Since January 2011, the Redemptorists have celebrated the life and legacy of our saintly confrere with several special events including Neumann-themed parish missions, two nationwide essay contests for Catholic school students, Forty Hours Eucharistic devotions, and several special Masses in Philadelphia and elsewhere.
The Year also included a traveling relic of the saint that visited several locations including Old St. Patrick’s Cathedral in New York City; the Basilica of the National Shrine of the Immaculate Conception in Washington, D.C.; St. Alphonsus Church in Baltimore, MD; Buffalo, NY; the Diocese of Trenton, NJ; and several parishes in Pennsylvania.




“Do you have the keys to the car, your time card, switch key, watch, your light, your lunch, and your money?”

These words are ingrained into my brain as my mother recited this litany to my father every morning on his way to work. He would be rushing, of course. It would be early, probably still dark. His four children would be in their pajamas. He worked for the railroad on the Boston and Maine Line and the train would not wait. He was young and had mouths to feed. He took his responsibilities seriously and he never let us down. 
This small example from my life comes to mind as we remember St. Joseph the Worker. Joseph, too, went off to work every morning. I wonder if Mary recited a similar litany: “Joseph, do you have your nails, mallet, measuring cord, awl, your plane, your lunch, and your money?”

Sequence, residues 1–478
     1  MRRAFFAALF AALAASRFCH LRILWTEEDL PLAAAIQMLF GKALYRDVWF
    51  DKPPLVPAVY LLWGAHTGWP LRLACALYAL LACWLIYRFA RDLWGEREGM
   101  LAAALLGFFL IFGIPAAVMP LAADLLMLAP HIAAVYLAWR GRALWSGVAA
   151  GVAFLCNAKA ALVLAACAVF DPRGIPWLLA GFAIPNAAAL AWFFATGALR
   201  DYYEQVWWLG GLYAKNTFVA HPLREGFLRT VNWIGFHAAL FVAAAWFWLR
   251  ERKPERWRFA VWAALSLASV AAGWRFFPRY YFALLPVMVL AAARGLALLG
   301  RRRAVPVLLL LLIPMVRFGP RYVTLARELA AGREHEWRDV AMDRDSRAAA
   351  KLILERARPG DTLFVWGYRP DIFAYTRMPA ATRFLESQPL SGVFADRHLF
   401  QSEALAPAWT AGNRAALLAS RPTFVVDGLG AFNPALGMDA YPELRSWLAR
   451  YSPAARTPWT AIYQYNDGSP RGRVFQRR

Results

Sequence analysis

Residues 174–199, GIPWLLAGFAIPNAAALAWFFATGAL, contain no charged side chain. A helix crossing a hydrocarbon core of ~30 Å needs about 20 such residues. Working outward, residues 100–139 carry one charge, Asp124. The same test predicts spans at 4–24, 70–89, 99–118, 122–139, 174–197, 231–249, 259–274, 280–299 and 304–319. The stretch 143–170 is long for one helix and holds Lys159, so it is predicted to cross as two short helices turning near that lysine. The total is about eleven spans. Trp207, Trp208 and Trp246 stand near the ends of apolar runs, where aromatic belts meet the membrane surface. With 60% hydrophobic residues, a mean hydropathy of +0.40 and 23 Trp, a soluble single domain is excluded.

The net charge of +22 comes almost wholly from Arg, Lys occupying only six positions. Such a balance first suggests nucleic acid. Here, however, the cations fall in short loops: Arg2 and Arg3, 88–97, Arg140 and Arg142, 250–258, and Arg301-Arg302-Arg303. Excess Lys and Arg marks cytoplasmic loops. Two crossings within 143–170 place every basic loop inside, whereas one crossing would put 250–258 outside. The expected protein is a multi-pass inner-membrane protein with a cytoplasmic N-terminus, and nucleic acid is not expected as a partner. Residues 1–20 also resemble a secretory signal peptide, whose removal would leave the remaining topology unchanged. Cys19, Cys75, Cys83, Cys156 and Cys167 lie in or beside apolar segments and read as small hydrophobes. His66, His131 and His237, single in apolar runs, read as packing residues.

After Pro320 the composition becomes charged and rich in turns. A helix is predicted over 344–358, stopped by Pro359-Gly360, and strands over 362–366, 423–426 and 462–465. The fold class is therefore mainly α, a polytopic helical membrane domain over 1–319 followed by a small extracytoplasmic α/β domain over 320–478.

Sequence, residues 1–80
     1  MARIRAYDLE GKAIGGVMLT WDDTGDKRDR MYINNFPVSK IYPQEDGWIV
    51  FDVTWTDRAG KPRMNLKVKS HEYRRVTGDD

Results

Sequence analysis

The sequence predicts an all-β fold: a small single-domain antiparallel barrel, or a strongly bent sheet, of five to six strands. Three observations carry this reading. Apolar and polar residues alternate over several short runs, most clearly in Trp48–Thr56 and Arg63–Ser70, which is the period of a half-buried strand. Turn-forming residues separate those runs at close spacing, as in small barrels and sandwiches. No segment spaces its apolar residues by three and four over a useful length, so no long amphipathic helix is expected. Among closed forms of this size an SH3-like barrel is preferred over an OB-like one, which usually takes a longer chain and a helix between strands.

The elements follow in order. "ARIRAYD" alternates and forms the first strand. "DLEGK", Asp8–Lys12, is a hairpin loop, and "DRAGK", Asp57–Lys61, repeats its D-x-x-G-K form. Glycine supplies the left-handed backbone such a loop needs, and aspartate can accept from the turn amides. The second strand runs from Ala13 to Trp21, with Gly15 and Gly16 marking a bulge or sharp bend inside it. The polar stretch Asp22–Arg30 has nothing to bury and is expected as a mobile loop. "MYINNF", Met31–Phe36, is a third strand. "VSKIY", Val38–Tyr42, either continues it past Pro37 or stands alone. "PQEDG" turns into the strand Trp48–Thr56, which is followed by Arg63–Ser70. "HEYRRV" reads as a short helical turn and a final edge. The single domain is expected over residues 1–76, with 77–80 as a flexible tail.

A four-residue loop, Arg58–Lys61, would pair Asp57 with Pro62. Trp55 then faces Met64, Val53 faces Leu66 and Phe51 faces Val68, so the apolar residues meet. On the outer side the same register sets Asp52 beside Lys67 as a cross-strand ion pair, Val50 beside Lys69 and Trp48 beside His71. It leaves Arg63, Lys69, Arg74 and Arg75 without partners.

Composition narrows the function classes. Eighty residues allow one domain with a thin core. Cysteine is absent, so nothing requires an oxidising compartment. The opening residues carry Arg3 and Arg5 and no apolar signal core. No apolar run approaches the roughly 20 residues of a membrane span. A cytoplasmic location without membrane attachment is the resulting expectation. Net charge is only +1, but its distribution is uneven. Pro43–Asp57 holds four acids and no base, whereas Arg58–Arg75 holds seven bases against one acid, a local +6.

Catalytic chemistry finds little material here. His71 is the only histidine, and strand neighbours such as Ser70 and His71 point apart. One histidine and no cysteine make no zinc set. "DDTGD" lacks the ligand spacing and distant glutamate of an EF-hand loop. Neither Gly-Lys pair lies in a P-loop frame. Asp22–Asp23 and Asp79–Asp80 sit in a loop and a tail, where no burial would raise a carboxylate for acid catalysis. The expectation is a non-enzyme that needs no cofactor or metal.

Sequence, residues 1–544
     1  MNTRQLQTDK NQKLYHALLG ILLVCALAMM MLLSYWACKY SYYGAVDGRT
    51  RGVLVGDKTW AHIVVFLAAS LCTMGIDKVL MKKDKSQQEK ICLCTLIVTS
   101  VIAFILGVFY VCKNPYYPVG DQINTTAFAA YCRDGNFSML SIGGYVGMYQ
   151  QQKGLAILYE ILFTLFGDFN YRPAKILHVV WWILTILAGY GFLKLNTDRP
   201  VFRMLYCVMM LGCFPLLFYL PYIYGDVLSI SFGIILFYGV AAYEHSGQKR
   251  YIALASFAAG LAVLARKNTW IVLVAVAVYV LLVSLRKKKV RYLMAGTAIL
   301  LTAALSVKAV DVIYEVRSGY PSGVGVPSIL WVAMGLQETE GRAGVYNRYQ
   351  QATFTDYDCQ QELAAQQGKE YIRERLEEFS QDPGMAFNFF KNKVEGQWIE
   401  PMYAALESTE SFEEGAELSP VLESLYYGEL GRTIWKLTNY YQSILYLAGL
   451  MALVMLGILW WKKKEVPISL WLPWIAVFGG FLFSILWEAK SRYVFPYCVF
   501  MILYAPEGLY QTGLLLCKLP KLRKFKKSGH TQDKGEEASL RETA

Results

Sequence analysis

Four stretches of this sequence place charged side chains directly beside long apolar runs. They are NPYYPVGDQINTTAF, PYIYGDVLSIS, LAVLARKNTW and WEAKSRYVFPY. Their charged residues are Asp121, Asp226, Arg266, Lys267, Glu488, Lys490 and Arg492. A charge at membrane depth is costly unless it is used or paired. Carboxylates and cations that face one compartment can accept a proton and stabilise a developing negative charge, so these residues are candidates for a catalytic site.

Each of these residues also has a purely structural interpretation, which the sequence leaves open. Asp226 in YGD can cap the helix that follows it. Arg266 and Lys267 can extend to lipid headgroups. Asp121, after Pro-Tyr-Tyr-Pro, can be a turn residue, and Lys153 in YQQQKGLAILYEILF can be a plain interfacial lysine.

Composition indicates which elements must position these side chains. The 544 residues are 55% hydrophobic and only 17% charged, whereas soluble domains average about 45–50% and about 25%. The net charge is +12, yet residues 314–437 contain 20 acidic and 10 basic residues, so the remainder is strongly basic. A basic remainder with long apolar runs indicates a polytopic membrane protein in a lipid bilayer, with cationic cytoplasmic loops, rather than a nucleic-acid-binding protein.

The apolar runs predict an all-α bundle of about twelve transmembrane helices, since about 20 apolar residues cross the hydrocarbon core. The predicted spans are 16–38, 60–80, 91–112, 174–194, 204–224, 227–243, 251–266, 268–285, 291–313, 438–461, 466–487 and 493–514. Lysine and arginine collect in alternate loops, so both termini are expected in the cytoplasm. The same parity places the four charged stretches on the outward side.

Joseph had responsibilities and he did not shirk his duties. I’m sure that Joseph’s example was a huge factor in Jesus’ march to Jerusalem.  Jesus learned his sense of duty at home.  Not even the torture and death awaiting Jesus at the end of his journey could sway him from the mission at hand. 
Finally, we cannot speak about St. Joseph without mentioning faith. His whole life is an example of faith in action. In opposition to popular opinion and advice, he invited Mary and her unborn child into his home to share his life and his love. He did not let his family — nor God — down. He shouldered his responsibilities when it would have been much easier to go it alone.
So what lesson do we learn from St. Joseph? Quite simply — work hard. No matter what our age, position, gender, or health; God asks us to contribute to the building up of God’s Kingdom. There will be moments when we are tempted to give up and give in to the pressures of the day. When these stressful times occur, we can "Go to Joseph" for help and guidance. Just as we have learned from those who have gone before us, so through St. Joseph’s intercession, we can help those who will carry on after us.
One final question before you head out the door: "Do you have the keys to the car, your time card, switch key, watch, your light, your lunch, and your money?"
Go to Joseph in thy joys, thou wilt rejoice the more.
Go to Joseph in thy grief, when death knocks at thy door.
Go to Joseph no matter when, thy refuge he will be.
He holds the key to Jesus’ Heart, Its treasures are for thee!
(Originally published in the Catholic Chronicle of St. Lucia)
Fr. Kevin MacDonald professed vows as a Redemptorist in 1987 and was ordained to the priesthood in 1991. He is a mission preacher stationed at St. Patrick’s Parish in St. Croix, U.S. Virgin Islands.